We develop a structural model of behavior that accounts for individual heterogeneity within and across utility `types' characterized by different features of risk preferences, and we estimate it using a unique dataset of individual activity in a sports wagering market. We estimate the population distribution of utility curvature, loss aversion, and probability weighting, and we evaluate their importance in explaining behavior. We find — for the first time using individual-level field data — that all features of prospect theory are present outside the lab: Individuals have heterogeneous risk attitudes, but on average they are risk averse (loving) over gains (losses), exhibit loss aversion, and overweight the probabilities of extreme outcomes. Furthermore, we find that utility curvature alone does not explain choices and that, while loss aversion is important, probability weighting is the most prevalent behavioral feature of risk attitudes: Two thirds of individuals exhibit loss aversion, but all exhibit probability weighting.
Online Appendix

Boards of Directors: Returns and Value of Industry Experience

We construct a unique 10-year panel dataset that contains an experience measure for the directors of 650 large corporations in the U.S., and investigate the marginal effect of board experience on firm performance. Our findings are the following: 1) Firms with more experienced independent directors experience higher abnormal returns and consistently beat analysts’ earnings forecasts. 2) They have a lower covariance with the Fama-French HML factor and a lower probability of bankruptcy, as measured by Altman’s z-score. 3) They engage in less earnings manipulation as measured by fewer negative income restatements and lower accounting accruals. This evidence indicates not only that board experience has positive marginal monitoring (and possibly advisory) value, but also that both firms and the market fail to recognize this potential value. Our results are robust to the use of OLS fixed-effects and Instrumental Variables using lag transformations as instruments, which, to varying degrees help alleviate concerns that they are driven by unobserved firm heterogeneity, selection bias, and/or measurement error. Performing IV estimations that utilize successively deeper lags as instruments, we find that our results are robust to the presence of some serial correlation in the disturbance; while testing for serial correlation, we find evidence that it is both limited in horizon and small in magnitude.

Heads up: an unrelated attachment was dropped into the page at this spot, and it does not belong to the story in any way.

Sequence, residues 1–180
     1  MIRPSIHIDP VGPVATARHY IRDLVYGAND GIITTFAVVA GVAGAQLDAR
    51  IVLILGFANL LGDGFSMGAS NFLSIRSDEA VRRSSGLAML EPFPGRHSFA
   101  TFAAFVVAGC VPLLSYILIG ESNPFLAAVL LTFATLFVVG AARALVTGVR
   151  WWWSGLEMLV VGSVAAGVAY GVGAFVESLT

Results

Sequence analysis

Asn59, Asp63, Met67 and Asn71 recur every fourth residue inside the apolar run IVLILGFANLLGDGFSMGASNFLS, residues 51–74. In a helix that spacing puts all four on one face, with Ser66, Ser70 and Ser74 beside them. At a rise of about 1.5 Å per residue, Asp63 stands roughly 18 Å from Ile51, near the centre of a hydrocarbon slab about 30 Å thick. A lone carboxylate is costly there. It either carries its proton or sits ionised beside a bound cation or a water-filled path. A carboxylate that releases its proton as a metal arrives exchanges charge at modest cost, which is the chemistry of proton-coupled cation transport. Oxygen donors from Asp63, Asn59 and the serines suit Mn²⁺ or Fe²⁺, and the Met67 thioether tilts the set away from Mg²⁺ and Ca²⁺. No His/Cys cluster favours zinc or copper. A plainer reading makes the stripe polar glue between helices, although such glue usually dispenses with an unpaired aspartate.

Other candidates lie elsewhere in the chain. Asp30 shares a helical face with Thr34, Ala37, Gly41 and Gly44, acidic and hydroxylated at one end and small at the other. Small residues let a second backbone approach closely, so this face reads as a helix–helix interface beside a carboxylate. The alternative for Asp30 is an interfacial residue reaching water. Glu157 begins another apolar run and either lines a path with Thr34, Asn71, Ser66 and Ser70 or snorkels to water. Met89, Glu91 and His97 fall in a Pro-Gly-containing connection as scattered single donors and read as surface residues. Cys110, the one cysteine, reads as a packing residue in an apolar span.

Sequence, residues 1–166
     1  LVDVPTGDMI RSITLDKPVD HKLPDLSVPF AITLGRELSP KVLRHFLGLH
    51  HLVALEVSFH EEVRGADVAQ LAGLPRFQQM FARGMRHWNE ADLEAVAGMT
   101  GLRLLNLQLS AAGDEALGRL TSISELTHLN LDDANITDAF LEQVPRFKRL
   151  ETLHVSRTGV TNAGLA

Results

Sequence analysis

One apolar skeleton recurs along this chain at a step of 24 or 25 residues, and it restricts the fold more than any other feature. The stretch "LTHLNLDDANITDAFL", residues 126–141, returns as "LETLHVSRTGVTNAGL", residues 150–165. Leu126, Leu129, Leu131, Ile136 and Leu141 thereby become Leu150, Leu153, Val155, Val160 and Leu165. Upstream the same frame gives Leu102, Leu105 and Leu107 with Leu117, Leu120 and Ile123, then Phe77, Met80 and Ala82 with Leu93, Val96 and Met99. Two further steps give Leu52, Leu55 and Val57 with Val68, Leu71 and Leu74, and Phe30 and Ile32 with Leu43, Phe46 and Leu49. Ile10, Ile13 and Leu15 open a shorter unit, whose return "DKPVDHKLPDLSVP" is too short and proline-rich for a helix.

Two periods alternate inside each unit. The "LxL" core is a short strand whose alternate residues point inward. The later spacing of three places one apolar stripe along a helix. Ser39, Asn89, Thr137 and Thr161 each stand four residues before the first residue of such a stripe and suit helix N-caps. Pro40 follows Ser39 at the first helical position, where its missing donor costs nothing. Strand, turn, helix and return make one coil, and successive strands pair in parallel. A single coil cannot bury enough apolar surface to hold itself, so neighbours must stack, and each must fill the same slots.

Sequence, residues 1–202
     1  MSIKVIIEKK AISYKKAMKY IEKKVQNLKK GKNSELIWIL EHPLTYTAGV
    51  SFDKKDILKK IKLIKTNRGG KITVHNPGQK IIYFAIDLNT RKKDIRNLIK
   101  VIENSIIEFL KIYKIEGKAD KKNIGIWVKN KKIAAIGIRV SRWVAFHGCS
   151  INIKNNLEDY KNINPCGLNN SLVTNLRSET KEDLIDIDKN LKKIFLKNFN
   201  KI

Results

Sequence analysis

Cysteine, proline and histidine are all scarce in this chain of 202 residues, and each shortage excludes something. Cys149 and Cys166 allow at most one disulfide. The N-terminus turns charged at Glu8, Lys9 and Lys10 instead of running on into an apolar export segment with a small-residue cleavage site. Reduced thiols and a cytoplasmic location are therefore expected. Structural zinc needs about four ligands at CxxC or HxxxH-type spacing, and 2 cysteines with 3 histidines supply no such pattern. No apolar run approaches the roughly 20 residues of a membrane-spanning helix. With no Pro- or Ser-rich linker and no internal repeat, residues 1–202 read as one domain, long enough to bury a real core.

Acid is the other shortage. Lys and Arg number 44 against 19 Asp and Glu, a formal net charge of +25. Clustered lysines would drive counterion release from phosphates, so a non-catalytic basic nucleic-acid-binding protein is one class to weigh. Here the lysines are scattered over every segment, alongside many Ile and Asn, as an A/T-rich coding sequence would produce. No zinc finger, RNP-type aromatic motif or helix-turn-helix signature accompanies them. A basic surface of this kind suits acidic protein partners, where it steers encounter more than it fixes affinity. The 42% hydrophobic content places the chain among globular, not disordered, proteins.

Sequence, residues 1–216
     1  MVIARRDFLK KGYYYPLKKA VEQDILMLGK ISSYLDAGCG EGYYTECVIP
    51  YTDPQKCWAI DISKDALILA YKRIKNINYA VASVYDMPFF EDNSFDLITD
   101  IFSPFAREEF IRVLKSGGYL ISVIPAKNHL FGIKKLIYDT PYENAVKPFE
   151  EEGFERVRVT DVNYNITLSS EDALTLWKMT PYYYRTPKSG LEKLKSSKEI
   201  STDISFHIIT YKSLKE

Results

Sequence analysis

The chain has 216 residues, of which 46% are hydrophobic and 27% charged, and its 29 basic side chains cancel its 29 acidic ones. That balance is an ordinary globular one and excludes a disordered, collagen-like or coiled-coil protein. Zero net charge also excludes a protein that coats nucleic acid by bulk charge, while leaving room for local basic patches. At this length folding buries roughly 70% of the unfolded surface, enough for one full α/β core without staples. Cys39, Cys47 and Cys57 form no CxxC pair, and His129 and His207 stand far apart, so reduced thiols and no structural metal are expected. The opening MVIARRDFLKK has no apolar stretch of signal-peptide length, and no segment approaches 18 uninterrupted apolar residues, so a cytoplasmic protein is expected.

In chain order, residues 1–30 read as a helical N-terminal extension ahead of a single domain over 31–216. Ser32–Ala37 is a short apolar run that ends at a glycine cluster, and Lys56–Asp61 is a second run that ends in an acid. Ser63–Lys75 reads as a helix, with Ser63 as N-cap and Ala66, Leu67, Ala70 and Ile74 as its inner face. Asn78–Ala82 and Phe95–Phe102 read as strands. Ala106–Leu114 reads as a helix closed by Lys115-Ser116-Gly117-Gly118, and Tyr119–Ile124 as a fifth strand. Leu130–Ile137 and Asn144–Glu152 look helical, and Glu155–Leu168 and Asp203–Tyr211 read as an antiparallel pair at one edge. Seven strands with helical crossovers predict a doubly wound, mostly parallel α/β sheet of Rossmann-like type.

The Effect of Search Frictions in Mergers
(with Marc Martos-Vila)

We study the existence and impact of search frictions in the market for corporate control in order to explain who makes acquisitions. We proxy search frictions with the board’s degree of connectedness, and also with measures of geographic proximity and business similarity. Additionally, we take into account measures of market thickness since they amplify the effect of such frictions, and also management incentives, in particular golden parachute provisions. Using data from 1990 to 2006, we find that firms are more likely to be acquirers (targets) when search frictions are low (high), there are more firms available to buy, and a golden parachute is not (is) provided to the firm’s manager. These findings are largely consistent with predictions from the recent theoretical literature that models the decision of firms to actively search for potential targets, in a market-with-frictions setting. We alleviate concerns that these results are driven by firm heterogeneity or selection bias, by showing that they are robust to the use of OLS with firm-level fixed effects and instrumental variables estimation. Finally, we find that the provision of golden parachutes increases the average acquirer abnormal return by 2.5% whereas it does not significantly impact target premia; and that search frictions only affect target premia.

Work in Progress

Risk-Taking Choice in Hedge Fund Tournaments
(with Lei Ding and Lingling Zheng)

Estimating a Structural Model of Managerial Ownership and Firm Performance